The beginning of the second half went exactly as Hearts would have wanted – after deflecting a Hearts cross into Sinisalo’s gloves, Baird was adjudged to have handled the ball and Hearts were awarded a penalty. Boyce, the Championship’s top scorer, made no mistake and blasted the ball into the top left corner, giving Ayr everything to do for the rest of the half.
For the next 15 minutes, Hearts comfortably held on to the ball, waiting patiently to find an opening and being confident enough to recycle possession in defence whenever it was needed. Ayr had dropped off significantly from their first half performance, seemingly wary of a quick break from their opponents, committing less bodies forward.
Robbie Neilson was the first to introduce some fresh legs to the match, bringing both Gnanduillet and Gary Mackay-Steven off in place of new signings McEneff and Kastaneer in the 66th minute.
Ayr had managed to get a foot back in this game, with Smith managing to sneak past Kingsley in the corner. The forward crossed towards Wright, but the ball dropped just behind the Ayr striker and Hearts attempted to break quickly. Walker collected the ball 30 yards from goal and fired from range once again but, like his earlier effort, this did not pose Sinisalo with any problems.
A nice passing move saw Ayr break down the left in the 70th minute, with Smith cutting inside and passing to the advancing Chalmers, but the midfielder’s effort was blocked on the way through, with Gordon collecting under no pressure.
Mark Kerr desperately required some creativity from his side and after first introducing Michael Moffat for Walsh, Kerr brough Brett McGavin on for his debut in the 78th minute, replacing Chalmers in midfield.
The final 10 minutes played out with very little of note, bar a couple of skewed attempts from Smith and Kastaneer respectively. In stoppage time, substitute Mark McKenzie hit a low shot into the Hearts box, with a maroon shirt sliding in to block the effort – subsequent claims for a penalty were waved away.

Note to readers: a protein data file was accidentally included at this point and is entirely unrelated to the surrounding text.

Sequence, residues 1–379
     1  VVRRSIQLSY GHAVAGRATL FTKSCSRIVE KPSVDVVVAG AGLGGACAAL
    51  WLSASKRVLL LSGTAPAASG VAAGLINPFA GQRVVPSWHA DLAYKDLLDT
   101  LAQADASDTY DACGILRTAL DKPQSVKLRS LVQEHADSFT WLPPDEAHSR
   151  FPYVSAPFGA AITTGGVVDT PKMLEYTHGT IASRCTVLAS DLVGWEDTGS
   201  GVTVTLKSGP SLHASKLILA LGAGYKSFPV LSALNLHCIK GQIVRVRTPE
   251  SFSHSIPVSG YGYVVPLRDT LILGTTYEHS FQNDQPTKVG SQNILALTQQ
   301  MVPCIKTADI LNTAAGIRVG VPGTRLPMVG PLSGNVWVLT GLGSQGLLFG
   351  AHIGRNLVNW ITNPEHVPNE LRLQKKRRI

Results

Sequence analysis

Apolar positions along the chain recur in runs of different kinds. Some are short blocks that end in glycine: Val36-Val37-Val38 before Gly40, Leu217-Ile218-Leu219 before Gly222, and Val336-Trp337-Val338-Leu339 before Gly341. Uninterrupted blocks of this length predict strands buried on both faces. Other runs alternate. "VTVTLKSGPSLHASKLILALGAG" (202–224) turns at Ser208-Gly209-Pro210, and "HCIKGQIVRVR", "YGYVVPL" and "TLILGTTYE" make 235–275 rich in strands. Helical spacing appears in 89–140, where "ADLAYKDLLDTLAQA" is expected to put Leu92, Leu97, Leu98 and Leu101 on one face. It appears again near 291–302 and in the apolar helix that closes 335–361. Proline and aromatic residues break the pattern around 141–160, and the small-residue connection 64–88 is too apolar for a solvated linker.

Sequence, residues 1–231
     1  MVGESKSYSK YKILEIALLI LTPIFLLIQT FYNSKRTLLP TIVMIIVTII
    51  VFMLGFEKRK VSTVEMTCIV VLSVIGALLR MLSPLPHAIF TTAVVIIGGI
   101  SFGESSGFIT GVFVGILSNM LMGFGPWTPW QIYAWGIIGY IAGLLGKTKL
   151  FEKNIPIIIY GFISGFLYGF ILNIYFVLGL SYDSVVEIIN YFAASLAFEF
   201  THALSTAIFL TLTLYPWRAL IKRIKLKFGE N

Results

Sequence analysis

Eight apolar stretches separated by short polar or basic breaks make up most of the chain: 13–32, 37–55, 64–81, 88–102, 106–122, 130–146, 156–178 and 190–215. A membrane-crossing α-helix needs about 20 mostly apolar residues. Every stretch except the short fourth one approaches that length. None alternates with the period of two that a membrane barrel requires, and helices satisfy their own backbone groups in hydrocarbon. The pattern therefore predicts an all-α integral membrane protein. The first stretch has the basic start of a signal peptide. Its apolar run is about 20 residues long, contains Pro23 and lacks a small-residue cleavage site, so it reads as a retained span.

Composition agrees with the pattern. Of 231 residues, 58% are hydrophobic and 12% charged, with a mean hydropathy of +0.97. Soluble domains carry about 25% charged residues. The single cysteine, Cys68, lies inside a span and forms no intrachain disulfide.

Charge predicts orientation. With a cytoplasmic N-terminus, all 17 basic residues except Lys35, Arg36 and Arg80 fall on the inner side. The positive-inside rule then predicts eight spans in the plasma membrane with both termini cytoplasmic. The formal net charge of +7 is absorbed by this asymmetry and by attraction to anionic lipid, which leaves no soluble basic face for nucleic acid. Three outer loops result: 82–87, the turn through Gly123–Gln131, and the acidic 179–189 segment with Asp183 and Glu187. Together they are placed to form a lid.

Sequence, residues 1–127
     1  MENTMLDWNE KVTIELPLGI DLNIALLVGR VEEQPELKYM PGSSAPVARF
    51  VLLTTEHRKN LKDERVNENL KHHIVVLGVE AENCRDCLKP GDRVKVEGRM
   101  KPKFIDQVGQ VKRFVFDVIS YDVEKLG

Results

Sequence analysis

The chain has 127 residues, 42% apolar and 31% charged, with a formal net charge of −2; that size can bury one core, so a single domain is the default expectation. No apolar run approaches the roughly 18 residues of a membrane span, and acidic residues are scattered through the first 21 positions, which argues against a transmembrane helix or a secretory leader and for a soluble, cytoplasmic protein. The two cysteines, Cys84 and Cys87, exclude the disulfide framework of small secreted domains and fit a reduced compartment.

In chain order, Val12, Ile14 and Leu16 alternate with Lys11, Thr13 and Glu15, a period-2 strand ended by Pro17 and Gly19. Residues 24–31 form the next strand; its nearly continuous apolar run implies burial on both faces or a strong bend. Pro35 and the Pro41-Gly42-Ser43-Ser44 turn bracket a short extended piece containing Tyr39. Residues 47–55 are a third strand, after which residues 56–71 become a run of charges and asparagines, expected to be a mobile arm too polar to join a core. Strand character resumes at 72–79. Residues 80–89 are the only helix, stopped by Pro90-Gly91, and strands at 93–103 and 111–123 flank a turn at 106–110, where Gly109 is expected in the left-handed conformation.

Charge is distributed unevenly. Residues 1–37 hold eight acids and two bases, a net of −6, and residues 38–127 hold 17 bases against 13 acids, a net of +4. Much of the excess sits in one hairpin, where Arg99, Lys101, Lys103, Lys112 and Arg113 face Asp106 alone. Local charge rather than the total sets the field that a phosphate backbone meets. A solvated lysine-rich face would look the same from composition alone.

After three additional minutes, McLean brought the tie to a close and Hearts’ lead at the top of the Championship table was extended to 12 points over second-placed Dunfermline.
With so many shouts for penalties throughout the 90 minutes, the assembled journalists were keen for Mark Kerr’s thoughts on the one that put Hearts ahead, with the Ayr manager saying:
“The way I saw it was a hand in the box, and that’s the way the rules are written, it just seems to be any hand in the box and it’s a penalty. It’s just hard to take, we could have taken something from the game.”
Coming into this fixture, Ayr were undefeated at home in the league this season, winning three and drawing three. Kerr found the way they lost their unbeaten run hard to take:
“We didn’t want to lose our unbeaten run at home, so that was hard to take in the manner we did. I don’t think we were ever cut open tonight, we got into good areas, but we’ve just got to go on Tuesday and Saturday and keep the spirit we’ve got.”
Hearts manager Robbie Neilson had absolutely no trepidation as to whether his team should have had a penalty:
“I know people talk about different rules but to me, if the ball gets delivered from 40 yards and it hits the boy’s hand, it’s a penalty. Doesn’t matter if it comes off his thigh first or his toe first… if it’s hit from two or three yards away, it’s a different story.”
Neilson was, perhaps, a bit relieved to have gotten the victory in this encounter, especially with their position at the top of the table:
“It’s massive. People wondered why the BBC took Hearts away at Ayr United on a Friday night – because they expect us to get beat.
“We’ve shown we’re good enough to handle that and get the result and what that does is it puts pressure on the teams tomorrow. They’ve got to catch up.”
Hearts have a second consecutive Friday night fixture to look forward to, as they return to Tynecastle to take on Morton, while Ayr are set to play out their rescheduled clash with Dundee at Dens Park this coming Tuesday.